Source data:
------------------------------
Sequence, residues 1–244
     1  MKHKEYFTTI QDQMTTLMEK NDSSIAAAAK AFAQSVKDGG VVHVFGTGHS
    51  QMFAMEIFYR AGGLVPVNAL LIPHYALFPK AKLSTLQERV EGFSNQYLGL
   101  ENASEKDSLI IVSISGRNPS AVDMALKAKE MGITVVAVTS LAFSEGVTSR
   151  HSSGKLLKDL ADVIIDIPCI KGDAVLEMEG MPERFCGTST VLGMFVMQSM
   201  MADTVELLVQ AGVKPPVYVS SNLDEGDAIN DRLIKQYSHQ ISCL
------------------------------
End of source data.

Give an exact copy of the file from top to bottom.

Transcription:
Sequence, residues 1–244
     1  MKHKEYFTTI QDQMTTLMEK NDSSIAAAAK AFAQSVKDGG VVHVFGTGHS
    51  QMFAMEIFYR AGGLVPVNAL LIPHYALFPK AKLSTLQERV EGFSNQYLGL
   101  ENASEKDSLI IVSISGRNPS AVDMALKAKE MGITVVAVTS LAFSEGVTSR
   151  HSSGKLLKDL ADVIIDIPCI KGDAVLEMEG MPERFCGTST VLGMFVMQSM
   201  MADTVELLVQ AGVKPPVYVS SNLDEGDAIN DRLIKQYSHQ ISCL